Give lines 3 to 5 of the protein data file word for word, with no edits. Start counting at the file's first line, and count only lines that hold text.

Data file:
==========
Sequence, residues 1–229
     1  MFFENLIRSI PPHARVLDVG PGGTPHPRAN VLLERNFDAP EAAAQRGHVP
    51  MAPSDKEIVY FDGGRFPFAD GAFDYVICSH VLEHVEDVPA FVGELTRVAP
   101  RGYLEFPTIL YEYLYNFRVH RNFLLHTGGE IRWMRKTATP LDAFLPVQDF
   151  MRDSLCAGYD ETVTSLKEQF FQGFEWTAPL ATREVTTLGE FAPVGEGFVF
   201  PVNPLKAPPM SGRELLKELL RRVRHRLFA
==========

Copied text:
    51  MAPSDKEIVY FDGGRFPFAD GAFDYVICSH VLEHVEDVPA FVGELTRVAP
   101  RGYLEFPTIL YEYLYNFRVH RNFLLHTGGE IRWMRKTATP LDAFLPVQDF
   151  MRDSLCAGYD ETVTSLKEQF FQGFEWTAPL ATREVTTLGE FAPVGEGFVF